For our last lunch in Pittsburgh we decided to return to the Big Burrito Group; Eleven was quite good and both Gayot and Pittsburgh Magazine compared the experience at Casbah favorably to that of Big Burrito’s crown jewel. Citing a mix of Mediterranean and Northern African influences with a bargain Piccola Gusto Menu for lunch and the option for indoor or al fresco dining it seemed as if Casbah was a can’t miss option…well, sometimes things don’t turn out quite as you expect – almost everything that transpired from the moment we arrived until the moment we left was a failure.

Taking a step back and trying to be objective - arriving around noon it was evident from the start that Casbah was a “happening” sort of place – power lunches in suits, couples dressed as if they were out for an evening, ladies gossiping and exchanging gifts – the outdoor patio (reminiscent of Spago) was full and the inside just short of packed. With that noted, we had reservations and there were open tables – we were seated promptly by the hostess…and then we waited upward of 7-8 minutes for menus or a staff member to arrive.


When our server, a young woman named Amanda L who would prove quite inept and inefficient from start to finish, finally did arrive our menus were delivered with a brief hello before she wandered away – another server later stopped by to fill our water and drinks were never even offered. When Amanda finally did return she was capable of answering a couple questions about portion size and our orders were placed. With my mom and sister opting for the two-course Gusto lunch and myself choosing two courses a la carte we sat and sipped our water.

Waiting approximately 10 minutes another ancillary server arrived with bread and butter – a light and airy white bread with a hefty crust paired with a sweet and salted cow’s milk butter – decent, but nothing to write home about compared to the myriad bread options at Eleven. After this point we would not see another staff member for 30 minutes…well, we would see them, they just wouldn’t be walking anywhere near our table – instead bussing tables and running around while the hostess flirted with a man at the bar…I’ll note that my water glass remained empty for greater than 15 minutes.

When our first courses did arrive they were not delivered by Amanda but instead by the man who had brought our bread. Left without a description but with a full glass of water we dug in, finally freed from the culinary prison of bread and water. Starting with the soup du jour, ordered by both my mother and sister, Mushroom Soup, ramp pesto, walnuts – earthy and aromatic, some contrast from the walnuts, but actually quite bland and served lukewarm…mom actually considered asking for salt but deferred – I’m not sure if that was because I commented about her blood pressure or because she assumed it would take an hour.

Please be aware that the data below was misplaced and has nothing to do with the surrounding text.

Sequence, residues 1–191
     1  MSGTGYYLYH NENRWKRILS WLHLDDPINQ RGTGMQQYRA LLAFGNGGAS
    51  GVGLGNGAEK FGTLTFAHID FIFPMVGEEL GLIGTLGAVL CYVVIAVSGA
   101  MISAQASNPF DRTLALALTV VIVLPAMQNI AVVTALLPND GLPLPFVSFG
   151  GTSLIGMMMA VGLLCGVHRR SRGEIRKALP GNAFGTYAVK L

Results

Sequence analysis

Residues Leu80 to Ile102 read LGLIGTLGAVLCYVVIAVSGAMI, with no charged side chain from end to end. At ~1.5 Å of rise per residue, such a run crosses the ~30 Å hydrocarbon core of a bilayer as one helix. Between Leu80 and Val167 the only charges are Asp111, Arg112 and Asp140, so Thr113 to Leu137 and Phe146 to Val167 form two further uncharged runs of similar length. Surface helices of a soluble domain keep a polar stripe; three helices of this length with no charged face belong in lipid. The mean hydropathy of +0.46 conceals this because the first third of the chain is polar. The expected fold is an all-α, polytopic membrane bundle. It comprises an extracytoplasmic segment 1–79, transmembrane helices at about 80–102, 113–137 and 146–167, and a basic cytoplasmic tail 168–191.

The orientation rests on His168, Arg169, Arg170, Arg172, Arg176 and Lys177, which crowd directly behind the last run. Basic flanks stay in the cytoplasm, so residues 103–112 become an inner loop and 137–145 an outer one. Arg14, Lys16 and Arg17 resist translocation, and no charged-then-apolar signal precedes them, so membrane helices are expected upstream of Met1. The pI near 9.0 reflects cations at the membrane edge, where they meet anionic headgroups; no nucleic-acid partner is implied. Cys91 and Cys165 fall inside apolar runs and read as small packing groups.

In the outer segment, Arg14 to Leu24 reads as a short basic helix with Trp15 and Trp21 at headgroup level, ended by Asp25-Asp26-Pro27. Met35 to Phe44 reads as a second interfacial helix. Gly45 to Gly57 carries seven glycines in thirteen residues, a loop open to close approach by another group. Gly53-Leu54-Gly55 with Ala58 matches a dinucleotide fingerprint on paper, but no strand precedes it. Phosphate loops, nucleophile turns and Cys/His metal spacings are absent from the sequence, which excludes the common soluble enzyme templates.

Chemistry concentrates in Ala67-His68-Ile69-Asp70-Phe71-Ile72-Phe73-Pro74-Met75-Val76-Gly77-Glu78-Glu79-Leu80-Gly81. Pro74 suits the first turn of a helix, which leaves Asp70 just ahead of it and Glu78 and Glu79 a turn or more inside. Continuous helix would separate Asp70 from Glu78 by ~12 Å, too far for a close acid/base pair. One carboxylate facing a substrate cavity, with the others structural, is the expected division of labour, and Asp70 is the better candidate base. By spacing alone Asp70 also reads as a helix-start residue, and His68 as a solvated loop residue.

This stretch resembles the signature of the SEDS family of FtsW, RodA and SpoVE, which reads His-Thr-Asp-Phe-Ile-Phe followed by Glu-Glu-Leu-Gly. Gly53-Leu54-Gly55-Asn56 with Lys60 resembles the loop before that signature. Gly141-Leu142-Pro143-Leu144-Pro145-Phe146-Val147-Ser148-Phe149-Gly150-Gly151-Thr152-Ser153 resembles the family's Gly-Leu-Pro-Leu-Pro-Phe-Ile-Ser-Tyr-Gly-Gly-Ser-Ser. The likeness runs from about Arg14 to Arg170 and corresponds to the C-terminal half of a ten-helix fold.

My first selection would prove much better than the soup, but certainly not as nuanced as I’d expected for a dish with so many ingredients. Titled Potato Gnocchi, asparagus, sun-dried tomato, rosemary, greens, braised chicken, Landaff cheese I will first note the dumplings themselves were very nicely done – toothsome but dissolving on the tongue. Tangy and nicely melted the Landaff was a great addition to the plate and served to nicely compliment the gnocchi. Where the dish faltered, unfortunately, was the exact opposite of the soup – the combination of braised chicken, sun-dried tomatoes, and cheese simply overwhelmed the more mild flavors of the other vegetal constituents and spices. A competent dish with great texture and giving me the impetus to look into Landaff the next time I decide to make Macaroni and cheese; it was just too salty.

Finished with our first courses approximately 10 minutes would pass – long enough for me to actively collect each and every plate and stack them at the empty seat of our four-top – before Amanda would finally return to collect the dirty plates…we’d not see her again until 15 minutes later when she filled our water glasses and told us our main courses would be “right out.” While I guess she didn’t define “right out,” what this actually meant was “in 25 minutes.” Starting first with my mother’s combo - Jumbo Lump Crab, pepper bacon, avocado, radish sprouts, on a paesano bun and Orecchiette Pasta with grilled chicken, dried cranberries, Riverview Farms goat cheese, sage cream – all I can note from my single bite of the sandwich was that the bacon was excellent (mom notably liked the sandwich a lot.) While the sandwich may not be memorable, the pasta was actually quite impressive. Using a less salty cheese and mild cream to flavor the al dente little ears of pasta worked wonders while the sweet/savory mélange of craisins and grilled chicken were a nice match.

Vastly less well done than my mother’s plate would be my sister’s option – the Grilled Vegetables, portobello, zucchini, eggplant, arugula, chickpea hummus, on baguette and Maccheretto pasta with wild mushrooms, white beans, sun-dried tomatoes, rapini pesto, fontina, walnuts. Beginning with the sandwich, the bite I had was good in taste but rather mushy in consistency – too many similar vegetable textures and the hummus spread too thickly. Moving on to the pasta – first Erika tasted it. Then I tasted it. Then my mother tasted it. Honestly, to this point I’m still not sure what we were supposed to be tasting – it tasted like watery cheese…no spice, no salt, and certainly nothing resembling pesto or tomatoes. For the first time in the meal Amanda actually opted to check on us approximately 10 minutes into our main courses and when told of the watery pasta she did apologize and offered to replace it with something else – another order of the Orcchiette would prove as good as the first.